Dalton High School will be isolated from the area’s athletic programs and North Murray and Murray County are expected to have an official rivalry, according to classification divisions released Monday by the Georgia High School Association.
Dalton will be in Class 5A, moving away from Whitfield County schools and current Region 7-4A rivals Northwest Whitfield and Southeast Whitfield — both of whom remain in Class 4A. Coahulla Creek, Murray County and North Murray are in Class 3A, while Morris Innovative — which has varsity athletic teams for cross country, boys basketball and soccer — drops from Class 2A to A, where Christian Heritage will remain.
For Dalton, the nearest Class 5A schools are Rome in Floyd County and Cass in Bartow County. The distance from Dalton to Cass is about 43 miles, while a trip to Rome is approximately 45 miles. The Catamounts will be in a similar situation to Northwest during the 2010-11 and 2011-12 academic years, when the Bruins were in Class 4A and Dalton and Southeast were in Class 3A. Murray County was also in an isolation position before the opening of North Murray, forcing the Indians to play in a region with Cherokee County and Cobb County teams.
“We knew that we would have a change, so I am not surprised about moving up,” Dalton athletic director Jeff McKinney said. “Our concerns are the travel and the missed academic time in the classroom. For football, you are talking about at most five games in a season. For the other teams, it is a lot more travel.”
Travel is the main concern for Dalton boys basketball coach Mike Duffie.
“We did it before, and it is a lot of fun,” Duffie said sarcastically. “It is what we have got to do. It is no choice. The biggest factor for me is the time and the travel. The thing that will really hurt is our B-team programs in all sports. That is something that people don’t think about. How are you going to have a B-team game now? You can’t leave at 1 o’clock to have a B-team game.”
The loss of close rivals in the region could also hurt financially in terms of gate revenue, depending on the way the region alignments shake out in the next round of the process.
From 2008 to the end of the school year in 2010, Dalton was in Region 7-4A in what was then the second-highest classification. The Catamounts were in a sub-region with Cass, Woodland-Bartow, Cherokee County’s Sequoyah and Rome. However, they also had natural rivals Northwest and Murray County in the sub-region as well.
“It is going to be back similar to what we had then,” said McKinney, who is in his first year as athletic director after previously leading the school’s girls basketball and softball programs. “I am sure there was some kind of financial strain. I know there was a strain on gates. But we also had some great rivals. Dalton and Rome used to be a real strong rivalry.”
The GHSA’s reclassification committee met in Thomaston on Monday to divide member schools into six classifications based on population numbers at the schools. The schools with the highest population numbers were placed in Class 6A, with the remainder divided among the other five, with roughly 70 schools in each classification. Class A has 101 schools, but some of those schools have limited athletic programs.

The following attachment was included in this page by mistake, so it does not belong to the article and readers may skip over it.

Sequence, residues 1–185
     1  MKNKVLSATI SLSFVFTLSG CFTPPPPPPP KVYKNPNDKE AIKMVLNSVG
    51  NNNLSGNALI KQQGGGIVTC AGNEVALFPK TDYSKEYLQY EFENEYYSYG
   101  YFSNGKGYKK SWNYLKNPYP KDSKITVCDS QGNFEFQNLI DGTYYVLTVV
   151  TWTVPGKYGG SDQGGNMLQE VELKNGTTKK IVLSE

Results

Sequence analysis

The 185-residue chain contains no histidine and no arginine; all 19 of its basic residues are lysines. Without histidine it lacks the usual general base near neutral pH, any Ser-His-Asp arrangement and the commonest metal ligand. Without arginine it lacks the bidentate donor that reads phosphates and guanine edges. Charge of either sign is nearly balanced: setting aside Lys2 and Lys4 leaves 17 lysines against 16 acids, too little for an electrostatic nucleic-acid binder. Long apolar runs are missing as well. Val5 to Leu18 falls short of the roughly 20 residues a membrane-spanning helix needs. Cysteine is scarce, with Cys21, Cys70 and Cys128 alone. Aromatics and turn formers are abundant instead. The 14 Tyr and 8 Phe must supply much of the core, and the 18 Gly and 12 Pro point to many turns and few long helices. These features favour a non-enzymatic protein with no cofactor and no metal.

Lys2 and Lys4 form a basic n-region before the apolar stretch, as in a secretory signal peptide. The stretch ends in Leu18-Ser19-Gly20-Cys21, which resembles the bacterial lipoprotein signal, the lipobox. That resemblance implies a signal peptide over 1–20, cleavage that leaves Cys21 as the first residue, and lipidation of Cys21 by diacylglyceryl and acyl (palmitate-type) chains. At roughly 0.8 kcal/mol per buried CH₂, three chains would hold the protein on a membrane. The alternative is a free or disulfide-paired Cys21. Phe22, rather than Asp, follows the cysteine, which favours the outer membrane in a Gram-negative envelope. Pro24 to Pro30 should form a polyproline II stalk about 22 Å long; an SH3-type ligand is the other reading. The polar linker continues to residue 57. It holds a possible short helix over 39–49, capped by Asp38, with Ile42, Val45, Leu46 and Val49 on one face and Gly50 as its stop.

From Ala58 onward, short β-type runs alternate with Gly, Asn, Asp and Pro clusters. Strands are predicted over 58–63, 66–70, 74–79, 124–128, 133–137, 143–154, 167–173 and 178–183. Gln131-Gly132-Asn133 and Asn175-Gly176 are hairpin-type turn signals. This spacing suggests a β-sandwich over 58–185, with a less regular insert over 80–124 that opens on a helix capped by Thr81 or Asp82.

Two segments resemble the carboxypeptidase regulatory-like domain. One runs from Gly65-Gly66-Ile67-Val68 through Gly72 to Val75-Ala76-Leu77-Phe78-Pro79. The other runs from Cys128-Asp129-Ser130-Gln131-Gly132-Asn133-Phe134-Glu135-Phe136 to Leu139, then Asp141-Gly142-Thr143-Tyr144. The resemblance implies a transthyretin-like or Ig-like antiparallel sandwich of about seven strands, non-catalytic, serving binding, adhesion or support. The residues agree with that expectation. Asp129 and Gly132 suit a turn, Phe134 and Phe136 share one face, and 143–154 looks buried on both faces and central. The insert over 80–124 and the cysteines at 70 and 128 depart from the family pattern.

Schools have until Dec. 2 to submit their intent to play in a higher classification, and the reclassification committee will meet on Dec. 3 to place schools in regions. The final reclassification plan will be submitted to the full executive committee on Jan. 14, 2014, after schools have had a chance to request lateral moves from one region to another.
Dalton High’s October full-time enrollment (FTE) count, which is reported to the state Department of Education for funding purposes, was 1,640. That number puts Dalton firmly in the middle of Class 5A, with Winder-Barrow projected as the largest school in the classification with 1,795 students. The smallest school in the class is Woodland-Henry, with an enrollment of 1,413.
Reclassification is done every two years. In the 2011 reclassification cycle, Dalton’s FTE was 1,428.
One of the consequences of realignment is that it appears Murray County and North Murray will be in the same region, forcing the two schools to face each other regularly in athletics. Since North Murray opened in 2009, the two schools have rarely met in athletic competition and have never faced each other in the regular season in football or basketball.
“I think since the split we have settled into separate schools, and the split years are behind us,” said Greg Linder, Murray County High School’s athletic director and boys basketball coach. “Murray and North Murray can look forward to having a great rivalry.”
North Murray athletic director Roger Rainey said he looked forward to meeting the Indians.
“That is going to be different. It is a unique situation, but I think that it is something that our fans on both sides of the county has wanted,” Rainey said. “I have always said that if we were in the same region, I would be rooting for Murray County in every sport and every game except when they are playing against us.”
Coahulla Creek would most likely be in the same region with the Murray County schools. Adairsville, Calhoun, Cedartown, Ringgold and Sonoraville could be in the region as well.
“It is pretty similar to where we were the past two years,” Coahulla Creek athletic director Rhett Parrott said. “We feel like we are in a good spot and have an opportunity to be competitive. It is nice to play those local teams. It creates that rivalry close by.”
In Class 4A, Northwest and Southeast are geographically close to Heritage-Catoosa, Ridgeland, LaFayette and Cartersville.
Complete classifications are available at ghsa.net.